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Wales Must Make Ireland Sweat Every Minute, Says Rob Howley

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By David Williams

Rob Howley admits Wales must make life awkward for Ireland this weekend, otherwise the Six Nations favourites will find their groove and run riot.

The Wales assistant coach believes unless his team ruffle Irish feathers from the opening whistle then any prospect of a shock away victory in Dublin is remote.

Head coach Warren Gatland named just one change to the side pipped at Twickenham for this weekend’s trip to the Irish capital where Wales will be seeking a first Championship win since 2012.

Contrast that to Ireland’s recent record that has delivered 38 wins in their last 40 home Test matches. They have also won six of their last seven games against Wales and won the last three by margins of 20+ points.

No wonder, then, that Howley wants his players to create a chaotic environment at the Aviva Stadium to try to knock Peter O’Mahoney’s side out of their stride as they eye back-to-back grand Slams.

“Going out to Dublin to play Ireland at the Aviva is a game to be relished for elite performers,” said Howley.

“The challenge for us is to make them as uncomfortable as we can for every minute that we can. We need to ask different questions of them.

“They’ve a very well organised, so we need to be comfortable in a chaos game and challenge them – we need to create chaos.

“Our discipline is going to be huge, and we have to create pressure on both sides of the ball for each of those 80 one-minute battles. If we can do that, it’s 23 against 23 at the end of the day.”

Sam Costelow has been restored to the Wales No10 jersey in place of his Scarlets teammate Ioan Lloyd, who returns to the bench.

The uncapped Mackenzie Martin is brought on to the replacements bench along with Harlequins prop Dillon Lewis in the only other changes to the matchday 23 from the 16-14 defeat to England.

Wales have lost nine of their last 10 Six Nations games, including their last three.

Wales have not won a Six Nations game against Ireland in Dublin since 2012, while Ireland are chasing back-to-back Grand Slams — a feat never previously achieved in the Six Nations.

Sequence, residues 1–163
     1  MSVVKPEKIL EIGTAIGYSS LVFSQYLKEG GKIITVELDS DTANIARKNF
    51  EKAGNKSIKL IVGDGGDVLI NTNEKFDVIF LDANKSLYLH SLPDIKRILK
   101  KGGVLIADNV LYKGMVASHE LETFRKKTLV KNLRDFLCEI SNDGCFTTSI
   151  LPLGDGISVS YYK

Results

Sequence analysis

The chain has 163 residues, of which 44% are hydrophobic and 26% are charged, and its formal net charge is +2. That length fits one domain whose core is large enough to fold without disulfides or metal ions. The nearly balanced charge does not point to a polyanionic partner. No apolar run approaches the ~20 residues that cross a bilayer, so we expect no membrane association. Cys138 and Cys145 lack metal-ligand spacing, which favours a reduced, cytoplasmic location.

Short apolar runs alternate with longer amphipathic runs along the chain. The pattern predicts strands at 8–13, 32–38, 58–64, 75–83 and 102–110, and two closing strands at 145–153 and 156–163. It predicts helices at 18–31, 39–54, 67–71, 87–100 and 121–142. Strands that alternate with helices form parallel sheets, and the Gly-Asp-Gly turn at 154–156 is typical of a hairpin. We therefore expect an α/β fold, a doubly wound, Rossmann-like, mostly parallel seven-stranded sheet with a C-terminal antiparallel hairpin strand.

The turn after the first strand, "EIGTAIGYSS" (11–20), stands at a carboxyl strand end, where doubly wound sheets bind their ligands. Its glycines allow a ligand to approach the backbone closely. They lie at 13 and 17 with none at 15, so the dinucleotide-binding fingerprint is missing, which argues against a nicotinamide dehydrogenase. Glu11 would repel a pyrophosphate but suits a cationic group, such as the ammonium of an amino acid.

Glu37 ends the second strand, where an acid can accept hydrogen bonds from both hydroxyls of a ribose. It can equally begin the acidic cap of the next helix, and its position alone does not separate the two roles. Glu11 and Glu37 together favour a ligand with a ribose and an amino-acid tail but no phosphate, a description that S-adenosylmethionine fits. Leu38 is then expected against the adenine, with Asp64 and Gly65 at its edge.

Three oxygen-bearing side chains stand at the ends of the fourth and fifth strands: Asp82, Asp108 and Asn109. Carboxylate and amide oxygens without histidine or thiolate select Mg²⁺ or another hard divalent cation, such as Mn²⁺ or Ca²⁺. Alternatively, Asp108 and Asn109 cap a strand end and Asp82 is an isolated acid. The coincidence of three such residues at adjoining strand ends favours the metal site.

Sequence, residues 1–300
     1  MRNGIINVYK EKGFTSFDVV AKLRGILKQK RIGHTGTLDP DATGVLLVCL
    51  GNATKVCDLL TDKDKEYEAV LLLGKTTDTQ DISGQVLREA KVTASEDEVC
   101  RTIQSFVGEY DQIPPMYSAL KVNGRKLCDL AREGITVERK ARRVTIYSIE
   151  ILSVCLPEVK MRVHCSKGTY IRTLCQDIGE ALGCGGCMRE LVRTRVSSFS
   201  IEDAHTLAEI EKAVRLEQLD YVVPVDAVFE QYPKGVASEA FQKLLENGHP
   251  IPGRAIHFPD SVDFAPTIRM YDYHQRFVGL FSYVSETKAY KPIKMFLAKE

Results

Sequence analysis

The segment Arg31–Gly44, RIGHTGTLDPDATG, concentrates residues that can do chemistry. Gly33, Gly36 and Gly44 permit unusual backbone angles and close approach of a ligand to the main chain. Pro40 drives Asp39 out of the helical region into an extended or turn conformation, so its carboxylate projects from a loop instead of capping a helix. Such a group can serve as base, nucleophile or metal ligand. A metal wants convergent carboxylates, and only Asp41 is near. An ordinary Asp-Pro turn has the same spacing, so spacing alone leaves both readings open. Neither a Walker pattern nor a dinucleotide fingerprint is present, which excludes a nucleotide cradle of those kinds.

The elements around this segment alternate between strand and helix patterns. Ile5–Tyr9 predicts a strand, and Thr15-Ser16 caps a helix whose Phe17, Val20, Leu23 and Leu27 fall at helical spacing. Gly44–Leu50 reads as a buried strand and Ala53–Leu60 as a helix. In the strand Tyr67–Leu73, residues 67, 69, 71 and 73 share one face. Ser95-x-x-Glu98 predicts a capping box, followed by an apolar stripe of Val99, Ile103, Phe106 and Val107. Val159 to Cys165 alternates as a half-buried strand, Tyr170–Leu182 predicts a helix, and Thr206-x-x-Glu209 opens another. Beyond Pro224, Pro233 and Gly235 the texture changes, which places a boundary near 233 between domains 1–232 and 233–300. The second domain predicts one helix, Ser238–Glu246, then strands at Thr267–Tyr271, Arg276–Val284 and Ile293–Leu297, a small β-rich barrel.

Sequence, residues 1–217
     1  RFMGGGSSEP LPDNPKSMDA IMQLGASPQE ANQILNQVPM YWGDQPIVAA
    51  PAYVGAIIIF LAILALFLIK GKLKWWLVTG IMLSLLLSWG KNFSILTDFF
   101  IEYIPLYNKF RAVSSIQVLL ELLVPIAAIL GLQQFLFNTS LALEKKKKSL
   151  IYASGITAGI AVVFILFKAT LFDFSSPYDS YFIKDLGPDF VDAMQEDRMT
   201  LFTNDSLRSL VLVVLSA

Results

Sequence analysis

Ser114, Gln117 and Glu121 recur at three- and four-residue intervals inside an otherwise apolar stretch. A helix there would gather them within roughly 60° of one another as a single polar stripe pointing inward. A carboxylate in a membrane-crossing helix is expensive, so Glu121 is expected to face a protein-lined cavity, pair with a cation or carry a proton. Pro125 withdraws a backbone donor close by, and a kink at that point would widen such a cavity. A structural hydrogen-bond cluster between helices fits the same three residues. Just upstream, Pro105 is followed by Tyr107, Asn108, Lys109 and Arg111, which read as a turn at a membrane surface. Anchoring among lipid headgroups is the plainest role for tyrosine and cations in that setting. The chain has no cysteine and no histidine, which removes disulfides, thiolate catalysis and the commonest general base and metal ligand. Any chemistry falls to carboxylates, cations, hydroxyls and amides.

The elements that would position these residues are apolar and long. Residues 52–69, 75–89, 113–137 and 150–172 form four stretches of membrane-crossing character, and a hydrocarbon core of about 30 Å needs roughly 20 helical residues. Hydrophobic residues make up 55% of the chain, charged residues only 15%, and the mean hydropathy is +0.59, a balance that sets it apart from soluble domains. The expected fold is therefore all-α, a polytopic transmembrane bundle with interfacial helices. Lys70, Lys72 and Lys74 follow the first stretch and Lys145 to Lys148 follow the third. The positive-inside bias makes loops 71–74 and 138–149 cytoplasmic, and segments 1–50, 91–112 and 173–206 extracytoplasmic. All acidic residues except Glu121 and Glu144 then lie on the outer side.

Andy Farrell’s men are in pole position following emphatic bonus-point victories over France and Italy and will equal England’s record of 11 successive Six Nations wins if they topple Wales.

Howley added: “There might only be two or three opportunities, and we have to be clinical and ruthless.

“They [Ireland] have come out of the World Cup probably with a slight disappointment, knowing Andy Farrell and how he drives their coaching team.

“It’s a great opportunity to go to Dublin and face a formidable side. It is something we are looking forward to, and we will look to challenge them at every opportunity.”

Wales lost their opening two tournament matches against Scotland and England by a combined total of just three points.

“There’s a disappointment with the last couple of games,” said Howley.

“We feel that opportunities which were presented in games, we’ve hurt ourselves and haven’t taken advantage. It doesn’t feel like we’ve lost two, but we have.

“I think the challenge is to put the second half of Scotland with the first half of England together and we might win a game.”

Wales: C Winnett (Cardiff); J Adams (Cardiff), G North (Ospreys), N Tompkins (Saracens), R Dyer (Dragons); S Costelow (Scarlets), T Williams (Cardiff); G Thomas (Ospreys), E Dee (Dragons), K Assiratti (Cardiff), D Jenkins (Exeter Chiefs, captain), A Beard (Ospreys), A Mann (Cardiff), T Reffell (Leicester), A Wainwright (Dragons)

Reps: R Elias (Scarlets), C Domachowski (Cardiff), D Lewis (Harlequins), W Rowlands (Racing 92), M Martin (Cardiff), K Hardy (Scarlets), I Lloyd (Scarlets), M Grady (Cardiff).

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